With nearly 5,900 dead and monetary growth stalled, loss has become commonplace in the wake of Nepal’s 7.8-magnitude earthquake. The tourism sector, constituting eight percent of the country’s gross domestic product, now looks gutted – a reality that could have grim implications for Himalayan Sherpas.
Jagged snow-capped peaks and olive-green farmlands frame rural villages in Nepal. It is here, with the beast’s shadow looming, that backpackers from across the world come to tackle Mt. Everest. Himalayan Sherpas, indigenous people notorious for their mountaineering prowess, lead nearly 100,000 through the unforgiving ice fields each year.
Making upwards of $7,000 in a single trekking season, 10 times the average Nepalese wage, the Sherpas contribution benefits Nepal’s economy. By filling hotels, airplane seats and sporting goods stores, the sun-aged workers have created their own niche in tourism.
This once lucrative business, however, is taking a turn for the worse following April’s earthquake.
In Chaurikharka, a rural area in Nepal, villagers and Buddhist monks gather in a hut, its walls crumbling and sagging in the dim lamp light. They mourn the loss of Dawa Chiri, a 27-year-old Himalayan Sherpa killed alongside 17 other trekkers and guides during an avalanche caused by the quake.
Dawa’s wife, Phura Yangzi, is now left with an 18-month old child. With the baby strapped to her back, Yangzi explains that she will now turn to street vending, selling soda and mineral water in hopes of supporting the family.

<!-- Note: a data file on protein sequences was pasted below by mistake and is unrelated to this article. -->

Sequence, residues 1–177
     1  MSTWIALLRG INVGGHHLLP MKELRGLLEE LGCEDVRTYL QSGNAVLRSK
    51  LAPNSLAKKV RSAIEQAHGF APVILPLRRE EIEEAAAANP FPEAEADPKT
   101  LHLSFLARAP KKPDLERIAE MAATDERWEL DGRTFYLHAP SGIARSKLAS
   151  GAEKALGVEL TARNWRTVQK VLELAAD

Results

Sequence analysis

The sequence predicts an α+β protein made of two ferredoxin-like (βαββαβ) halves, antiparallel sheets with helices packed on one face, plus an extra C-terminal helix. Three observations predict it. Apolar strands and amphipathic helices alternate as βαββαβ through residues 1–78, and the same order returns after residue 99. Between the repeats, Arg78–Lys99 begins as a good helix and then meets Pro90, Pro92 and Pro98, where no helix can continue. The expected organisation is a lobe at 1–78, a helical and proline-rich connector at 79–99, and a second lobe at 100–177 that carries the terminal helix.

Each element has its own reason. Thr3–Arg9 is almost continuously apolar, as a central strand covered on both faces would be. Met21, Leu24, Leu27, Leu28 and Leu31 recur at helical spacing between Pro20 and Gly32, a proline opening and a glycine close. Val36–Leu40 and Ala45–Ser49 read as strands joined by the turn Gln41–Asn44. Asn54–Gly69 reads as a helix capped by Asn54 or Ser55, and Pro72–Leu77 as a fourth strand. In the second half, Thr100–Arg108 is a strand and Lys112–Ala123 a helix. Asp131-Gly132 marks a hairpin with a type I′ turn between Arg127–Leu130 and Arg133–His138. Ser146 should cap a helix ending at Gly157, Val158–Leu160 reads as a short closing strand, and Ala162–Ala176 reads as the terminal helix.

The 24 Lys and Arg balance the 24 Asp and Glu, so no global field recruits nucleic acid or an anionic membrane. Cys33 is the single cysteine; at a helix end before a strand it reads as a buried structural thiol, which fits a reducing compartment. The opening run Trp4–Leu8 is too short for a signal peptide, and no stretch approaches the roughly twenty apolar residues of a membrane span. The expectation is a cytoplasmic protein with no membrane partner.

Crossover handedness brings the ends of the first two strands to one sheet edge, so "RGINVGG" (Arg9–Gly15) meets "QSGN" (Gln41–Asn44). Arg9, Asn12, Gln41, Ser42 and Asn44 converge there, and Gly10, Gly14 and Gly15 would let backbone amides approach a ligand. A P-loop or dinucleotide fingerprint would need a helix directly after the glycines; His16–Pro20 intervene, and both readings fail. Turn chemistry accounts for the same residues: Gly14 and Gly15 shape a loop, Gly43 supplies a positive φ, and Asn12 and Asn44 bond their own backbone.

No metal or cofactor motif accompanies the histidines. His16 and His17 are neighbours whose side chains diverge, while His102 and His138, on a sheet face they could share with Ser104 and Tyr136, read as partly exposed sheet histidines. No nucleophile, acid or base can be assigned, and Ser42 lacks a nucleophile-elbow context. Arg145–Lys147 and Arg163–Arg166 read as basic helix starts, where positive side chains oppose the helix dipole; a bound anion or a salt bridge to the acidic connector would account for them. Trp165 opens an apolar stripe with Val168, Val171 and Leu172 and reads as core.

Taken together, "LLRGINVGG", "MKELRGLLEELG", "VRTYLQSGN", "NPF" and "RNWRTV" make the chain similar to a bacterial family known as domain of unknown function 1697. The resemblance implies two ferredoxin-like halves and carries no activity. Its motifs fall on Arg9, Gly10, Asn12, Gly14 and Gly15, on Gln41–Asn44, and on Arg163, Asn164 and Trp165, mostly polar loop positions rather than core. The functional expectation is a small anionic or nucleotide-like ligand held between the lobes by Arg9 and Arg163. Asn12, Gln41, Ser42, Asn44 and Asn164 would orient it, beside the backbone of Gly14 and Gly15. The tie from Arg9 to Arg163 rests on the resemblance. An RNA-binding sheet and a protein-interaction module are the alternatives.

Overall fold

“It will be difficult but I will try,” she said. “I have to.”
Mountaineering companies, hearing of these tragic and devastating stories, have called off all spring expeditions. From teahouses to airlines, the effects of a poor trekking season will be felt by many – a big blow for Nepal’s economy.
“Foreign clients will be reluctant to climb next year,” David Morton, executive director of the Juniper Fund charity, said. “There are concerns about danger, sure, but also cost, after climbers lost all that money.”
With nearly 40 percent of villages already living below the poverty line, this drastic decline in tourism will leave high-altitude families reeling. Most, now camped in makeshift nylon tents, may never secure the funds to rebuild their homes.
“I have lost everything,” Pasang Lamu, a 55-year-old villager in Khunde said, choking back sobs. “Please help us.”
Foreign aid efforts, though effective for urban centers, prove futile for most Himalayan towns. The only way in or out is by foot making travel for international aid workers, reporters and government officials impossible.
“It has been the main economic driver for many people and now, the industry will take a hit,” nonprofit director Ben Ayers said of the tourism sector. “We are looking at hunger, disease and suffering for a lot of people.”
Yangzi will be one of those people. Her face tired, the 22-year-old widow explains how she wishes her husband’s death was simply a nightmare. She tries to think of it as a dream, but then remembers the last words he spoke a day before the earthquake.
“Tomorrow,” the Sherpa said. “Is my rest day at base camp.”
– Lauren Stepp